Anita Heiss (born 1968) is an Aboriginal Australian author, poet, cultural activist and social commentator. She is an advocate for Indigenous Australian literature and literacy, through her writing for adults and children and her membership of boards and committees.
It is only over recent months that I became aware of Australian Aboriginal Astronomy after having listened to Astrophysicist and Science Communicator, Kirsten Banks, on of all things, a home renovation show.
Of Wiradjuri descent Kirsten has a particular interest in how Aboriginal and Torres Strait Islanders have used the stars for over 65,000 years for navigation purposes, predicting weather seasons, and for determining when the best time is to hunt for certain foods such as emu eggs. “ Aboriginal Astronomy can teach us about the link between the sky and the land”, she said.
My interest was further piqued on my recent outback Queensland travels and in particular Winton. Winton’s small population, low humidity, and low light pollution make it the ideal location to stargaze and the area around the Australian Age of Dinosaurs is now one of only ten internationally recognised areas certified as a Dark Sky Sanctuary.
Since then I have been receiving social media alerts regarding Aboriginal artwork related to the skies. ( see Aboriginal Skies)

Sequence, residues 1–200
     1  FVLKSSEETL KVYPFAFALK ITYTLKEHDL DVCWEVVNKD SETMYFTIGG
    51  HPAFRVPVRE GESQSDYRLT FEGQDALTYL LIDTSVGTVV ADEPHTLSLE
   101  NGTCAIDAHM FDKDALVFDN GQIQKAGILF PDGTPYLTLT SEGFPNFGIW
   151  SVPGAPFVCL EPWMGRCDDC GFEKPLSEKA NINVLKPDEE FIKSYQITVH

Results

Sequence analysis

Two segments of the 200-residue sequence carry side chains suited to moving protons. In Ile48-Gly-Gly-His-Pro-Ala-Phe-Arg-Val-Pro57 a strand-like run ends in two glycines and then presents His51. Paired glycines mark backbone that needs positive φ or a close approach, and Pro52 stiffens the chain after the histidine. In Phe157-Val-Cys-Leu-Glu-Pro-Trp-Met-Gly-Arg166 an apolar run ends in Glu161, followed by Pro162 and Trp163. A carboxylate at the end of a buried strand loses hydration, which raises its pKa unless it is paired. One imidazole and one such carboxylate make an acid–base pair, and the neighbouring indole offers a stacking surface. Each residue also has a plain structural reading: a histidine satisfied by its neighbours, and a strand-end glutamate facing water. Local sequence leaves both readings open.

With a daughter in Nhulunbuy, Northern Territory – which I grew up calling Gove – an area in East Arnham land populated for some 40,000 years by the Yolgnu people, we all have a new appreciation for the story tellers from our First Nation. Contemporary Australian Indigenous art often references astronomical subjects and their related lore such as the Seven Sisters.
Here are examples of some of the art works:
This fabulous artwork was submitted by Annette Joy. Annette is a Gourmanjanyuk/Wergaia artist and the painting represents Yerrerdetkurrk, which is the star Achernar. Yerrerdetkurrk is the ‘Nalwinkurrk’, or mother of Totyarguil’s wives. The ‘Nalwinkurrk’ never allows’ her son-in law to see her. Achernar is a bright, binary star system located in the constellation Eridanus, and is the ninth-brightest star in the night sky.
“Hydra the Water Serpent” from the ‘Shared Sky Exhibition’. This exhibition highlighted the connections between Aboriginal & contemporary astronomy. This artwork is acrylic on linen (70cm x 52cm) and the artist is Nerolie Blurton. “The Water Serpent, stretched across the sky with its many heads, was a monster until it was cut and killed. The red blood drips down from the clot. The browns and orange show that the Hydra can be seen best in autumn.”
If Aboriginal Astronomy intrigues you I recommend reading the story of The Emu In The Sky by Ray and Cilla Norris. Fascinating and guaranteed to give you a brand new perspective.
Dark Sky and Dinosaur Country at Winton overlooking Banjo’s “plains extended” and “vision splendid”.
Isn’t it bizarre how watching something on TV simply to learn how to stop bugs eating young eggplants can take you on such a convoluted journey ? * shaking head and muttering.